Hurricane Dorian death toll jumps to 20 in Bahamas
The estimated death toll in the Bahamas from Hurricane Dorian jumped from seven to 20 on Wednesday, Health Minister Duane Sands told the Miami Herald.
The new estimate came as relief and rescue crews began a wider assessment of Grand Bahamas, the Abacos and other surrounding islands.
Bahamas Prime Minister Hubert Minnis said Dorian, which stalled over the islands for several days as a Category 5, is “the greatest national crisis in our country’s history.” It’s the strongest hurricane on record to hit the country.
Breaking news: #Bahamas Health Minister Dr. Duane Sands confirms to @Miami Herald that Hurricane #Dorian death toll has jumped from 7 to 20.
At 7 p.m, Dorian was moving north-northwest off the Georgia coast at around 8 mph as a Category 2 storm. It has maximum sustained wind speeds of 110 mph.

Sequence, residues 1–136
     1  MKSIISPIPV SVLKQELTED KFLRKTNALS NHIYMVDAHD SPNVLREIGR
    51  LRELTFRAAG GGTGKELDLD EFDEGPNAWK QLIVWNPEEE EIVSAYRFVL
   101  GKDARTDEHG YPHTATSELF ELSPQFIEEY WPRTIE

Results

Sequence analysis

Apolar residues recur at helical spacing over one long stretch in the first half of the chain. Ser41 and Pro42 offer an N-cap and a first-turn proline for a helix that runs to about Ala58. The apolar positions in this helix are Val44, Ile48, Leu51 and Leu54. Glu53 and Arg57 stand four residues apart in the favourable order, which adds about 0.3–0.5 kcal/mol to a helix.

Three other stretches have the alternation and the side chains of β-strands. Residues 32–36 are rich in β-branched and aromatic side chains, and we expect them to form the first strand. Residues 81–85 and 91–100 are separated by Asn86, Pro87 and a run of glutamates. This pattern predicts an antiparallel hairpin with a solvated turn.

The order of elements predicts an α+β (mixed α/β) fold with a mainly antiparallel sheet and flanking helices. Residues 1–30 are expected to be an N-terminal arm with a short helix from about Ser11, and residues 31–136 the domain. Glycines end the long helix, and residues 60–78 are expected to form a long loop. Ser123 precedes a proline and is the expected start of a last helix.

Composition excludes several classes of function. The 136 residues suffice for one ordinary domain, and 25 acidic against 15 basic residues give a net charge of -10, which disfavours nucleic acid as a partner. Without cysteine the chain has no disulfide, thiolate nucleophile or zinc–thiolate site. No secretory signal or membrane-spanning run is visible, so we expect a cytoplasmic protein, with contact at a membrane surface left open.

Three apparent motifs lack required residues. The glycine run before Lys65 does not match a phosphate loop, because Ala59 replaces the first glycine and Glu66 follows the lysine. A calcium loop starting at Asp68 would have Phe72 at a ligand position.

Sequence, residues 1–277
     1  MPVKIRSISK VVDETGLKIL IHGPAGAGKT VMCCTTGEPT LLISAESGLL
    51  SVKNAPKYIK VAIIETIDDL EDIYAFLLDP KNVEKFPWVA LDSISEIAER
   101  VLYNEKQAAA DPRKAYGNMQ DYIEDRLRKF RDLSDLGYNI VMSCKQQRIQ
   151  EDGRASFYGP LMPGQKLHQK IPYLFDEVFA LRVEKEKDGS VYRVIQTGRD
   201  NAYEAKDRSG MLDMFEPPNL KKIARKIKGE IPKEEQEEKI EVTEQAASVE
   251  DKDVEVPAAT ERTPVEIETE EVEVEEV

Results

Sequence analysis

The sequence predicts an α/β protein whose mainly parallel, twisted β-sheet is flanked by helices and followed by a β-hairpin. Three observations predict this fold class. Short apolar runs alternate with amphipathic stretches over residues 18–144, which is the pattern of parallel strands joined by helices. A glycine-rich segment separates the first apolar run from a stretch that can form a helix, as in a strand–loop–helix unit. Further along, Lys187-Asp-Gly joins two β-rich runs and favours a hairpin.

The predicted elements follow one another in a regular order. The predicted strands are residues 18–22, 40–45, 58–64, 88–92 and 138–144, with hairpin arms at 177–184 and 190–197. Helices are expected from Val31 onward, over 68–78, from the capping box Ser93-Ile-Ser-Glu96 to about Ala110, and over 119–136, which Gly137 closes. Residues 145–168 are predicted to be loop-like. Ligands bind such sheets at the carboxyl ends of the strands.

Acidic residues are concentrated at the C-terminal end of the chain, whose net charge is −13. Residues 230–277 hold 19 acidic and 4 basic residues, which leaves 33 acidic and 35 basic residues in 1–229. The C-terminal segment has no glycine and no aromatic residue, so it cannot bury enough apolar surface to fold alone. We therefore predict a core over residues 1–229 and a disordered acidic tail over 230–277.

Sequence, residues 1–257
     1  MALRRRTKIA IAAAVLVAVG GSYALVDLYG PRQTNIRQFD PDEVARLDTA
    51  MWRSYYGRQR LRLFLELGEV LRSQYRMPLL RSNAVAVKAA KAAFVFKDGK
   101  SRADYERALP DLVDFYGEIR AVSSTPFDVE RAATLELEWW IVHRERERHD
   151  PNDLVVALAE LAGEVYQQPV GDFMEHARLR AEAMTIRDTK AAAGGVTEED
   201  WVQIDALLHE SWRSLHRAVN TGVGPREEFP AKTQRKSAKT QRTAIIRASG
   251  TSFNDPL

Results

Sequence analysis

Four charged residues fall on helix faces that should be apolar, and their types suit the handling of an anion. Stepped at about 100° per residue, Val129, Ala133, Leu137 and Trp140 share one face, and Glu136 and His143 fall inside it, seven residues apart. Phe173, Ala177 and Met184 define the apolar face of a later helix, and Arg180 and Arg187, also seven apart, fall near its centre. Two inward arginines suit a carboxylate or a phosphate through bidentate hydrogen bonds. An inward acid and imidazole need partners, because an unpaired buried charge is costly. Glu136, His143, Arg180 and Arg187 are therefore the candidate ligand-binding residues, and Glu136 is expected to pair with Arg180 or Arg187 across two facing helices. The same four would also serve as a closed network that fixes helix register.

Sustained winds of 45 mph and a gust of 56 mph were recorded at Folly Beach Pier, which is just south of Charleston, S.C., around 6 p.m. Wednesday night.
The center of Dorian is expected to approached the coast of South Carolina Wednesday night and move near or over the coast of South Carolina on Thursday. It should move near or over the coast of North Carolina Thursday night and Friday.
An 85-year-old man in North Carolina died while preparing his home for the storm. Gov Roy Cooper said the Columbus County man fell from a ladder.
In the Bahamas, Prime Minister Minnis said at a press conference on Tuesday that 60% of homes in Marsh Harbor were damaged and at least one community was destroyed by Dorian.
Hurricane Dorian makes its way across the Bahamas and Florida
One resident in Freeport, Bahamas, told The Associated Press he felt “like Job” from the Bible while surveying his destroyed property.
“We planted those trees ourselves. Everything has a memory now, you know?” Alem said. “It’s so, so sad . . . In the Bible there is a person called Job, and I feel like Job right now. He lost everything, but his faith kept him strong.”